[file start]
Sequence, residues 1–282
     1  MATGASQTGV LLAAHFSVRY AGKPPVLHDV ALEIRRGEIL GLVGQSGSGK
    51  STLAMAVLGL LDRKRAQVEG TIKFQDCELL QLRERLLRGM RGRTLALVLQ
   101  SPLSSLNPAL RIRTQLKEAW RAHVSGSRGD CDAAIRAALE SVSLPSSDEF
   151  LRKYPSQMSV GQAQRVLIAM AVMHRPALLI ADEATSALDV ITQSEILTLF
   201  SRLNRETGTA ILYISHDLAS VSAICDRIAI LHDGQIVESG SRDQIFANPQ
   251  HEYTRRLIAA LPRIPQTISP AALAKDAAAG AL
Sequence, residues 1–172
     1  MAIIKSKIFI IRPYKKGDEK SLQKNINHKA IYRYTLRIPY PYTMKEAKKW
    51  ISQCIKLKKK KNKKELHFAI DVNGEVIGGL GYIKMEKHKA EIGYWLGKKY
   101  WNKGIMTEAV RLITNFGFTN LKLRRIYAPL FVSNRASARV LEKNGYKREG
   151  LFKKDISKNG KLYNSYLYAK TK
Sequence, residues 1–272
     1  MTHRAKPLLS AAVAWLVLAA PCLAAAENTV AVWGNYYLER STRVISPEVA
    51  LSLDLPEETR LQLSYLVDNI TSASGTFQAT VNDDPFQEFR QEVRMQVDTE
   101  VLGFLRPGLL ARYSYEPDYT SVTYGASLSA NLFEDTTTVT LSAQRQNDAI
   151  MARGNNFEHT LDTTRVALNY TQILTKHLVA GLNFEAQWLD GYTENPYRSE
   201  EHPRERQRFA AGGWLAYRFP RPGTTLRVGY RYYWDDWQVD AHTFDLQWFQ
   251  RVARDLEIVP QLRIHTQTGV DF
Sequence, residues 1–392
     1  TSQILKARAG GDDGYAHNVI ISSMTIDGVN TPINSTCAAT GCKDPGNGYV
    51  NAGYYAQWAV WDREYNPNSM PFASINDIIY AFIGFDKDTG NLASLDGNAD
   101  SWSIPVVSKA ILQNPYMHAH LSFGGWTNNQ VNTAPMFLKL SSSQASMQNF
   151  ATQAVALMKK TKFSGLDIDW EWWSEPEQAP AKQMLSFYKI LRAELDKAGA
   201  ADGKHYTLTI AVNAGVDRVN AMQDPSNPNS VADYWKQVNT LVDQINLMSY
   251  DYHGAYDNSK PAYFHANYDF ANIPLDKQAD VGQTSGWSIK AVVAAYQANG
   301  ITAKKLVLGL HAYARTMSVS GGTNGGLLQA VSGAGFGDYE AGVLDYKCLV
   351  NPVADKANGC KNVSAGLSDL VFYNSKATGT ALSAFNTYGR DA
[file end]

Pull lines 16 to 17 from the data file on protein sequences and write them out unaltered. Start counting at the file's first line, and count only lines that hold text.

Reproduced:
   101  VLGFLRPGLL ARYSYEPDYT SVTYGASLSA NLFEDTTTVT LSAQRQNDAI
   151  MARGNNFEHT LDTTRVALNY TQILTKHLVA GLNFEAQWLD GYTENPYRSE